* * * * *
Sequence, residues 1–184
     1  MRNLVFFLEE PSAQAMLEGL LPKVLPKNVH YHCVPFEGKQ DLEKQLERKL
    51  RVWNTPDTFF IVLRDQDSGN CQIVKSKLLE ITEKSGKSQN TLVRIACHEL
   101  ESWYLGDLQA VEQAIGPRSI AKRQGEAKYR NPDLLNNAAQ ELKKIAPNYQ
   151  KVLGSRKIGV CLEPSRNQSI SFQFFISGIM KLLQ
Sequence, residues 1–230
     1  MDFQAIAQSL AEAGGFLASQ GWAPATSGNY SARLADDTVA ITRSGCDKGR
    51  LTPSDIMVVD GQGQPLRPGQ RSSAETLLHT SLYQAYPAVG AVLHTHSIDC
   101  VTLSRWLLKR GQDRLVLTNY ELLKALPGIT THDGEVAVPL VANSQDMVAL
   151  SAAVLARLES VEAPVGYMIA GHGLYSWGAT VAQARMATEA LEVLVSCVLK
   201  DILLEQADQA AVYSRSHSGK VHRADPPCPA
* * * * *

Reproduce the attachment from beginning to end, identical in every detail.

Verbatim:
Sequence, residues 1–184
     1  MRNLVFFLEE PSAQAMLEGL LPKVLPKNVH YHCVPFEGKQ DLEKQLERKL
    51  RVWNTPDTFF IVLRDQDSGN CQIVKSKLLE ITEKSGKSQN TLVRIACHEL
   101  ESWYLGDLQA VEQAIGPRSI AKRQGEAKYR NPDLLNNAAQ ELKKIAPNYQ
   151  KVLGSRKIGV CLEPSRNQSI SFQFFISGIM KLLQ
Sequence, residues 1–230
     1  MDFQAIAQSL AEAGGFLASQ GWAPATSGNY SARLADDTVA ITRSGCDKGR
    51  LTPSDIMVVD GQGQPLRPGQ RSSAETLLHT SLYQAYPAVG AVLHTHSIDC
   101  VTLSRWLLKR GQDRLVLTNY ELLKALPGIT THDGEVAVPL VANSQDMVAL
   151  SAAVLARLES VEAPVGYMIA GHGLYSWGAT VAQARMATEA LEVLVSCVLK
   201  DILLEQADQA AVYSRSHSGK VHRADPPCPA